The Green Dragons outstanding performance during 1974 and 1975 earned the most prestigious award for an Air Force Squadron with an air defense mission, the Hughes Trophy. A runner up for many years the 318th became the third Squadron of the 25th Air Division to win the award. Since 1953, the prestigious award has been given by the Hughes Aircraft Company the finest air defense fighter unit in the World of a particular year. On 24 January 1976, Gen Daniel "Chappie" James, Commander of Aerospace Defense Command presented the award to the Green Dragons along the squadron flightline. The day also marked the debut of the 318th specially painted F-106 commemorating the United States 200th birthday. The aircraft name "The Freedom Bird" (s/n 58-0776) was a very popular chose for many air shows around the country.

PHOTO by gene Johnson

New tail flashes graced the aircraft of the 318th including F-106A 58-0776 named "The Freedom Bird" specially painted for the Nations Bicentennial.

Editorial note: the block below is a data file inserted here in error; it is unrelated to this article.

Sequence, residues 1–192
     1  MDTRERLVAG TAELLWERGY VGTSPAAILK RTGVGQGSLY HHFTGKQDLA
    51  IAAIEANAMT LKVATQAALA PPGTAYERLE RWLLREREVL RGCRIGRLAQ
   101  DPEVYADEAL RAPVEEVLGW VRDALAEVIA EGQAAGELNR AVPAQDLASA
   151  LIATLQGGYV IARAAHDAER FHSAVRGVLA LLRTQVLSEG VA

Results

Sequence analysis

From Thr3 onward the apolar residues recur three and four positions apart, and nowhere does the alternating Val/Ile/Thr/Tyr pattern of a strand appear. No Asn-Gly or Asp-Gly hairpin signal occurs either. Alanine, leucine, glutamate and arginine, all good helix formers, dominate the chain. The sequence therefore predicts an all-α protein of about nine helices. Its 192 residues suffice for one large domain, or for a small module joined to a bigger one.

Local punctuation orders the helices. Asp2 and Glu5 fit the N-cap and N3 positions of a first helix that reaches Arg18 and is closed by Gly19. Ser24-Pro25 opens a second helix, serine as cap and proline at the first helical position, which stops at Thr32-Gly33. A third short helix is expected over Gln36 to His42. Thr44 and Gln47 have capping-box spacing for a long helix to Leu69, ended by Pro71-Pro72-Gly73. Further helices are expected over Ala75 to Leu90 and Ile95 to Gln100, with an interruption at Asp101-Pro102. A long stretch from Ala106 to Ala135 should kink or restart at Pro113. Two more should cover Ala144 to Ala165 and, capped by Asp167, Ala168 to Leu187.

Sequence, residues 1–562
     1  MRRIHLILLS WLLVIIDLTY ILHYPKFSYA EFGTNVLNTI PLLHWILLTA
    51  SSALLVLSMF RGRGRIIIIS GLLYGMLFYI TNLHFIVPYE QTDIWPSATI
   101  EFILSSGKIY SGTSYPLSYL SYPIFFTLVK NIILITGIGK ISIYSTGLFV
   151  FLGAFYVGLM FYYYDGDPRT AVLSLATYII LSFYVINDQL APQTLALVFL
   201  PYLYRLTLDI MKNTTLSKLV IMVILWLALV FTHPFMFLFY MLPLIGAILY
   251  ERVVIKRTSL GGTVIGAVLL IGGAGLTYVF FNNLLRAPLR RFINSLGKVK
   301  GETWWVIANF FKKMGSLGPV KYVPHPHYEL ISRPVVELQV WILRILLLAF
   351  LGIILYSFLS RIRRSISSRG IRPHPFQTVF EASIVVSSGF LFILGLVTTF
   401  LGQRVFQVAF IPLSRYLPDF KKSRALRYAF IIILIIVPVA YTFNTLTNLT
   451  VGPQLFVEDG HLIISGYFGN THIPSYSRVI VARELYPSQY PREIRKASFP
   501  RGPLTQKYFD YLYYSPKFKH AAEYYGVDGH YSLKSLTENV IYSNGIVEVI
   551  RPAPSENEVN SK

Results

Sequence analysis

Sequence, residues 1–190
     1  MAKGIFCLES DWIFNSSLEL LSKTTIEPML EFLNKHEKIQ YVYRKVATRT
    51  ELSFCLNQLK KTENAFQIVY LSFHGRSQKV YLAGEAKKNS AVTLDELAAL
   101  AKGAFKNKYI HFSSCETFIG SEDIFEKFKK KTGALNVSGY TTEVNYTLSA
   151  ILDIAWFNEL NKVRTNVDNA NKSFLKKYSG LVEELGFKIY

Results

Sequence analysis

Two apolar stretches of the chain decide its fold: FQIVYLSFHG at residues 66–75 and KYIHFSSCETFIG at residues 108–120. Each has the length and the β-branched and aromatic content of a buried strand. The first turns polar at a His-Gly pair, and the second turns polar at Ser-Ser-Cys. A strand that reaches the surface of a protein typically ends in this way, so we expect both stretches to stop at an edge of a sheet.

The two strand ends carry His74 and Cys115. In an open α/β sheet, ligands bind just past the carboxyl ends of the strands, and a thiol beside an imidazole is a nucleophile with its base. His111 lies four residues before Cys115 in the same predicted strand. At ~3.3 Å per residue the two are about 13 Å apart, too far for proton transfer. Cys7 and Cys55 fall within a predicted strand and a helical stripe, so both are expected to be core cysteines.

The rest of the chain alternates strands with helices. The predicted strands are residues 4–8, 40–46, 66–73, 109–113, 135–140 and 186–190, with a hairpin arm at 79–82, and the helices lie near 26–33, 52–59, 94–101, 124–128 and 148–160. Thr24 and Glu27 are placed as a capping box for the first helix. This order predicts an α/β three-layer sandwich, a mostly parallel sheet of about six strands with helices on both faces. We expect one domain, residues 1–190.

In 1976, the 318th FIS received a third Outstanding Unit award for the period of July 1974 - June 1976, and their second ADC "A" Award for 1976. After a long string of good news, the Green Dragons found themselves in an unfamiliar place. For the first time since the unit converted into the F-106 the "Green Dragons” failed to qualify for the 1976 edition for the William Tell Weapons Meet. Since the competition was recreated at Tyndall AFB in 1958, the 318th has participated in six of the eight weapons meets held through 1976.


An example of a lower key, but important missions performed by the 318th was the "high speed airlift" mission. In 1977, a squadron F-106 was used to rush rattlesnake bite serum to save the life of a 16 year old snake bite victim in Alaska, two years later F-106s flew smallpox vaccine to Norton AFB, CA to save the life of a airman from that base.

Next Page: F-106 Era - Tactical Air Command (1979-1983)